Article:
Distinguishing your own species from other species is useful: for one thing, it prevents a lot of potentially embarrassing mating attempts.
“Um. You mean we don’t belong to, er... that is to say... you’re not my species? I am so sorry...”
But how fine a distinction can a species draw? Does it stop at, “You’re not my species,” or can it extend to, “You’re species B, not C or D”? And would species be able to distinguish other species outside of reproduction?
Schuchmann and Siemers tackled these questions by studying the echolocation calls of several related bat species that live in Europe.
Bats use echolocation for, well, location. They are not used in situations where animals are interacting with each other: they are used purely for the bat to get from point A to B without running into trees, and to find food. Even so, the sound that each bat species makes tend to be a little different in pitch. Might one bat species go, “That call is a bit to high to be Rhinolophus euryale, might be Rhinolophus ferrumequinum.”
These, I thought, were very interesting questions. But it wasn’t clear to me how they were going to test it.
The experimental set-up they use reminded me of one that is often used to test the cognitive abilities of babies. Bats, like babies, are easily bored. If you keep presenting the same thing over and over, they stop looking at it. When they detect a change, they react and look towards the new and much more interesting stimulus.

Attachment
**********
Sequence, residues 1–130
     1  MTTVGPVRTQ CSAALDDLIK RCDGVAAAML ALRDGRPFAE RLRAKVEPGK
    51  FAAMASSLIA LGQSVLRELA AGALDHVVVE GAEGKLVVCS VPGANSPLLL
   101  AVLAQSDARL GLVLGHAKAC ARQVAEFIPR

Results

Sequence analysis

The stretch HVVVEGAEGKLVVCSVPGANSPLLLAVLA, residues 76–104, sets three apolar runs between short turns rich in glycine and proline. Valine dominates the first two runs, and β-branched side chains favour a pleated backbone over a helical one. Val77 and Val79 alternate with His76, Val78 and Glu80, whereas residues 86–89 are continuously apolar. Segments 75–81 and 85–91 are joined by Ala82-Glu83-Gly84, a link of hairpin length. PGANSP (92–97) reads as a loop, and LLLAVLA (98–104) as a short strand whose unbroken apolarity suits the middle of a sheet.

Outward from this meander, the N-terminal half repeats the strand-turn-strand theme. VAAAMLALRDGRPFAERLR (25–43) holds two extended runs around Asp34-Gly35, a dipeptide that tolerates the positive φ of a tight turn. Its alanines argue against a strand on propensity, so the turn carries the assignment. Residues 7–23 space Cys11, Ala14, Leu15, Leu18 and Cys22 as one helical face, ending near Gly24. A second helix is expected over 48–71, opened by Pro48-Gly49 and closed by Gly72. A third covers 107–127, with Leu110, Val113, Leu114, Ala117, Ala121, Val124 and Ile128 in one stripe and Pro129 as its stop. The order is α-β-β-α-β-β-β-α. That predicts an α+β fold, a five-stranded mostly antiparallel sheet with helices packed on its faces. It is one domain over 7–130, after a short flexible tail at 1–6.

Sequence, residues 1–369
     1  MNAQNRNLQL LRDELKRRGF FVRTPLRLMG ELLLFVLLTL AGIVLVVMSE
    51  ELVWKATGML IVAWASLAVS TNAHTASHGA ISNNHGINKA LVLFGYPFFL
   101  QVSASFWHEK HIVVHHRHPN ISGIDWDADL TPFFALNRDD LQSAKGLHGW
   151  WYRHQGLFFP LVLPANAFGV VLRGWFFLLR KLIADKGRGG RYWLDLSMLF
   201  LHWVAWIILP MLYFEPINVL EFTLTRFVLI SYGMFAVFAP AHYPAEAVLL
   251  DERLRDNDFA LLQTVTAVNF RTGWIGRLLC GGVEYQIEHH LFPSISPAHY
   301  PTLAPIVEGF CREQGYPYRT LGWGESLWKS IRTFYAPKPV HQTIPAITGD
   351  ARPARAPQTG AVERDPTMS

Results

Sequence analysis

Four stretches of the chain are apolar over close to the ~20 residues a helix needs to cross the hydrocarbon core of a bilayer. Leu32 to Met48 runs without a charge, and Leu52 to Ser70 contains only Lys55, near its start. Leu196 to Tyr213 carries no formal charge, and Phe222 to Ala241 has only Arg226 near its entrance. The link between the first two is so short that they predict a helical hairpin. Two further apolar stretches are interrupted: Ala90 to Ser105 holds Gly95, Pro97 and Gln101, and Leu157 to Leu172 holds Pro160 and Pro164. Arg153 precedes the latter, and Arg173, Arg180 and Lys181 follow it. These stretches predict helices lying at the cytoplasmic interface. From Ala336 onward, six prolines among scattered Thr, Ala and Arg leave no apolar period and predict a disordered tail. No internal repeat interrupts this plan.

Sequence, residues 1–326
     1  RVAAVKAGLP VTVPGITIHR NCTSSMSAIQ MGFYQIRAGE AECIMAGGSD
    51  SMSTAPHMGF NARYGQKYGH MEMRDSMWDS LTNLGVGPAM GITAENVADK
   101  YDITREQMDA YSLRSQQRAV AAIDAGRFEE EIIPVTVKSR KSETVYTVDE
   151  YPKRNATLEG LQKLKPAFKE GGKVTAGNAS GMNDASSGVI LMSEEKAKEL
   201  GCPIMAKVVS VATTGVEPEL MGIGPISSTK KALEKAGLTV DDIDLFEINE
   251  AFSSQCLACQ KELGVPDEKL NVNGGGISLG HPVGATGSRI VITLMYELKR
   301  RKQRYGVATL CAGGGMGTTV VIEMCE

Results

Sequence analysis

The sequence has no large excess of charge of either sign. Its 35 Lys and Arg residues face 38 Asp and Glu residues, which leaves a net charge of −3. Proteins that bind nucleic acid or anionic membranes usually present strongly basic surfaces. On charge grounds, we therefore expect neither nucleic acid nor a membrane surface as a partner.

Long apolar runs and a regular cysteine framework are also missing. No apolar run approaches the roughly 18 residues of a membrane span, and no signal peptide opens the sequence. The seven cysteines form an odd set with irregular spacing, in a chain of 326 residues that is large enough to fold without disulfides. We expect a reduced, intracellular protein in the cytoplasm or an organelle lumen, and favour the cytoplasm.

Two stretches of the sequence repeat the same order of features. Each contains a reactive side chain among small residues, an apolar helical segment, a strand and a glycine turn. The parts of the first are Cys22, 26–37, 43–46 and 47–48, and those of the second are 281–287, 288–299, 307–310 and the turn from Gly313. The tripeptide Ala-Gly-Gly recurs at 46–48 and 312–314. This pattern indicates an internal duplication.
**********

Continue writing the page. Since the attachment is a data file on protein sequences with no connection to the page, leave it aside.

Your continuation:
They recorded the echolocation calls of four bat species, and played them back to two (one of them, Rhinolophus euryale, pictured). They kept playing the same call from their own species over and over until the bat stopped responding, then swapped it for a new call.
Bats were very good at detecting when the call switched from their own species to a different species. That isn’t surprising, as it just tells you they can recognize their own species’ calls.
More to the point, when they first habituated the bat to a species different than themselves, and switched the call to yet a third species... the bats were still very good at detecting that difference. So the bats are not reacting with, “Meh. All those other species’ calls all sound alike. Not my species, have a nice day.”
It’s not clear what components of the call the bats are recognizing, although pitch is probably the major one. You could probably do some fun experiments seeing how much you could vary the calls and still have the bats responding. The authors also wonder if these different species might be able to benefit by eavesdropping on other species’s calls. If so, there might be some species that are more worth listening to at some times than others.
P.S. – Dart to the authors for using so many two letter abbreviations for species (Re) instead of writing out species names properly (Rhinolophus euryale)!
Schuchmann M & Siemers B. 2010. Behavioral evidence for community‐wide species discrimination from echolocation calls in bats The American Naturalist 176(1): 72-82. DOI: 10.1086/652993
Photo by by jasja dekker on Flickr. Used under a Creative Commons license.